Geekery can be fun and it can also be educational. In the case of the two-day Wizarding Dayz near Salt Lake City, it hopes to be both while helping with literacy and charity as well.
TheOneRing.net will be join what promises to be a magical event Friday and Saturday Feb. 24 and 25, presenting panels and representing Tolkien in the realm of the wizard-themed gathering. It takes place in the South Towne Expo Center in Sandy, Utah.
“We threw it out to the community to nominate the charities. We came up with these three charities because they are all based on kids, kids’ needs and kids that don’t belong. That is Harry Potter,” she said.
Walker, heading up Wizarding-Dayz with Carrie Rogers-Whitehead, hopes the first-year event brings out those who love Potter, Tolkien and fantasy in general, and especially those who enjoy reading.
“This event is made definitely for book lovers, people who love reading, people who want to go to a place where there are the things they love. It is good for all ages but for adults you are going to get to go and have good discussions,” Walker said.
TheOneRing will be included in those good discussions with three official TORn presentations:
* How To Travel to Middle-earth
* J.R.R. Tolkien vs. George R.R. Martin
* Tolkien and the Great War
There is other Tolkien content as well, including an over-the-internet panel for Tolkienites (or TORnadoes) to ask expert Michael Martinez ANY Tolkien Question. In fact, if there is interest, perhaps TORn will do a Facebook Live for portions of some of these panels.
Wizarding Days has no shortage of educational material, including from sponsors Utah Humanities and the STEM Action Center of Utah.
For those not aware, STEM is a science-based curriculum based on Science, Technology, Engineering and Mathematics taught all together in an applied approach. In the wizarding world that means discussions and interactive panels rather than just lectures.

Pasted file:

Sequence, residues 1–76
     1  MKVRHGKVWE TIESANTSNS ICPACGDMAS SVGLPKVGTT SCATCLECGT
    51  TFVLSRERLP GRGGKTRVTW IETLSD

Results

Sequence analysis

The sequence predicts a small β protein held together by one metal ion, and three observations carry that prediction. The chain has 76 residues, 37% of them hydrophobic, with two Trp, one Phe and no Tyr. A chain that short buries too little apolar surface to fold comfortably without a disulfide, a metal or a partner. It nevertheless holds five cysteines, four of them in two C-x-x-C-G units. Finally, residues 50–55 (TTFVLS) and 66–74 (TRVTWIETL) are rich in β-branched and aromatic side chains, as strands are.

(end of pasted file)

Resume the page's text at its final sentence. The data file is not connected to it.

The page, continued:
Water at Hobbiton Movie set
“We are not calling them panels. We want people to come and have discussions about these things they like or dislike. We have great topics that dive deep,” Walker said. “We aren’t skipping a rock across the surface.”
There are also a lot of hands-on items patrons can make and take home including wants, wizard pouches, rune pouches and of course, spell books.
Walker said she took extra care creating a space that isn’t mundane, including the vendor areas, which including roaming performers, but is all planned with a pleasing, welcoming, fantasy theme.
Daniel has just announced the exciting news on his official Facebook page, that his first solo exhibition is on at the Kapiti Gallery from 15 February until March 19, 2017. The exhibition will showcase his current work and work from The Lord of the Rings, The Hobbit, and The Lion, the Witch and the Wardrobe.
Sunday 12th February the British Academy of Film and Television Arts held their annual film awards. Our favourite citizen of Lake-town Luke Evans was there as a presenter; and even more excitingly for Middle-earth fans, Viggo Mortensen was nominated in the Leading Actor category, for Captain Fantastic. (The award went to Casey Affleck, for Manchester by the Sea.)
Mortensen was of course on the red carpet, where he was interviewed by Zoe Ball. Many of you will have seen the fabulous picture (right) of Mortensen hanging out with an elf and some hobbits, the day after the Screen Actors Guild awards. In the Bafta interview, he explained how that came about. Take a look:
It’s heartwarming to know that the bonds forged amongst the cast of The Lord of the Rings are still as strong today – just as the friendships and connections we fans have made are unbreakable. I’m told that in Finland they celebrate friendships on Valentine’s Day – seems a good time to raise a glass to Fellowship! Cheers!
Elijah Wood’s film “I don’t feel at home in this world anymore,” won the Sundance Grand Jury prize in the U.S. Dramatic competition at the just concluded 2017 festival.
It was one of 16 films in the category that included “Crown Hights” that won the Audience Award.
The film is summarized like this:
Ruth, a depressed nursing assistant, returns from work to find dog shit on her lawn and her house burglarized, the thief having made off with her silverware and laptop. Losing faith in the police (and possibly humanity as a whole), Ruth starts her own investigation, joining forces with her erratic neighbor–and dog shit culprit–Tony. Upon locating the laptop, they trace it back to a consignment store, leading them to a gang of degenerate criminals and a dangerous, bizarre underworld where they’re way out of their depth.